Gel or AGM technology are much larger and heavier, and are typically sized to only use about 20% of the depth of discharge per night. This provides plenty of backup to ensure that on days where the sun isn't shining to its fullest potential, the system will still operate as designed at night. This is crucial, especially in systems where safety and security is key. These batteries tend to need replacing every five years or so, but have a much lower cost than their Lithium counterparts. 

 

Control Electronics

Different control options are always available. There are a lot of adaptive lighting controls on the market today being used by all different manufacturers. Some allow the system to do as it will when it comes to lighting as the controller, being the brains of the system, dims and turns off the lights as it sees it should due to battery discharge rates. There is not set schedule and the lights are advertised as operating from dusk to dawn, though the light may only operate at 10% during the night and only operate at full intensity during times when the battery is full or there is motion.

 

There are manufactures that can provide strict dusk to dawn lighting with no dimming or adaptive controls that take over without the owner knowing about it. This is always completed by the system design engineers and should always be visible in the system specifications. You definitely don’t want to be left out in the dark when you least expect it. Going over system specifications and requirements with the designing company, along with reading all the fine print, will make sure your system is going to be operating as you expect it to.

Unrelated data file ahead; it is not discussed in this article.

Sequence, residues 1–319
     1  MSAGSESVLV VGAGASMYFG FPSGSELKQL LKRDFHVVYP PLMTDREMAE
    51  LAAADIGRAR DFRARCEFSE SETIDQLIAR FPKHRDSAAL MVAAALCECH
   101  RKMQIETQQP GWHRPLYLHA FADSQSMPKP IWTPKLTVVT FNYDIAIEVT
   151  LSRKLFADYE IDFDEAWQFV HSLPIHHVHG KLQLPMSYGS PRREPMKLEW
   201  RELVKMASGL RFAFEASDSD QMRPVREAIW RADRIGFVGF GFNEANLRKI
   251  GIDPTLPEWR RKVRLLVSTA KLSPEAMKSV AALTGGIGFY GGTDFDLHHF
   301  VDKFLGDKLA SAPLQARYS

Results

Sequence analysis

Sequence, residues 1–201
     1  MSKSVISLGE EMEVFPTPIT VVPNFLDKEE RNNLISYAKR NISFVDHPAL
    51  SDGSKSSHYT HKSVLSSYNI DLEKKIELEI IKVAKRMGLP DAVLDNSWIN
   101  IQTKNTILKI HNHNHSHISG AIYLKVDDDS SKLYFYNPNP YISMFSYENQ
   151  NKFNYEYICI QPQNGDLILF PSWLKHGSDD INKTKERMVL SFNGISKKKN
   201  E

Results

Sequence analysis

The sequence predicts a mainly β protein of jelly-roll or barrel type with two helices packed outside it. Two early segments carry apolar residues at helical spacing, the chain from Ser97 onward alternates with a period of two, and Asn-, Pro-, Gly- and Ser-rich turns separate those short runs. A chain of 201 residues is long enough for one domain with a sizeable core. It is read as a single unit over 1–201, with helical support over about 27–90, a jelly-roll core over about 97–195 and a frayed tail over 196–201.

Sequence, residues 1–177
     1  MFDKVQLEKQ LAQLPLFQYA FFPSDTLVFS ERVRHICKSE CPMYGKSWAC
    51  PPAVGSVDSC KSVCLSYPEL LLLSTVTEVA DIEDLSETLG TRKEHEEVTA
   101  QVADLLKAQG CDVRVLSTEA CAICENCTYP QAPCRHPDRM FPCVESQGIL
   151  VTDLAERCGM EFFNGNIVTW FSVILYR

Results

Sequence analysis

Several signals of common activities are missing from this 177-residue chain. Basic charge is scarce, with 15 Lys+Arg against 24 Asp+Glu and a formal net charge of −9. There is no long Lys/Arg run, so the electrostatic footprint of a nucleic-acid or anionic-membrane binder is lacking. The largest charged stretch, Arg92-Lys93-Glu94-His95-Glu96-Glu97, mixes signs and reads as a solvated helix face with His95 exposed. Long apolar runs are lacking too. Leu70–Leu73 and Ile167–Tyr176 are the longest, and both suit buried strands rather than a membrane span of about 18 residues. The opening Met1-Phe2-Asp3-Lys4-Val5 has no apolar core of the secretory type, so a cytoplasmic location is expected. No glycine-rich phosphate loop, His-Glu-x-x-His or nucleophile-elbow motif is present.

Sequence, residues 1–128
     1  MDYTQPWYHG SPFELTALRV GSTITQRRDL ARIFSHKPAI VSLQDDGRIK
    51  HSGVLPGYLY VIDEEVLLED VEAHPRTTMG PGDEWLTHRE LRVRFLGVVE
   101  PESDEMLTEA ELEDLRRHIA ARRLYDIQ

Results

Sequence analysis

Light Fixtures

Solar light fixtures have come a long way in the past 10 years with the integration of LED fixtures. LEDs have even advanced drastically over the last few years with many changes in lumen output and longevity. Looking at the lumen output, wattage, and longevity of the fixture will allow for the best determination of the amount of light output the fixture has as well as how long the light fixture will last. 100k hours is about standard today, but that is also increasing steadily as well as a higher lumen output per LED, allowing for the same amount of light out of a much lower wattage fixture than ever before.

 

Look over the specifications of different systems will show the differences and similarities allowing you to compare apples to apples. There are many variances in systems on the market today. Purchasing a system from a reliable manufacturer will make sure your system is there for the long run and the company will stand behind the system for years to come.

 

2017 Solar Lighting Design Guide CTA

 

Editor's Note: This post was originally published in May 2015 and has been completely revamped and updated for accuracy and comprehensiveness.

Topics: Solar Lighting, Solar Lighting Design

Written by SEPCO

SEPCO is the worldwide leader in solar lighting and off grid solar power systems. We are helping the world go green by taking the lights off the grid.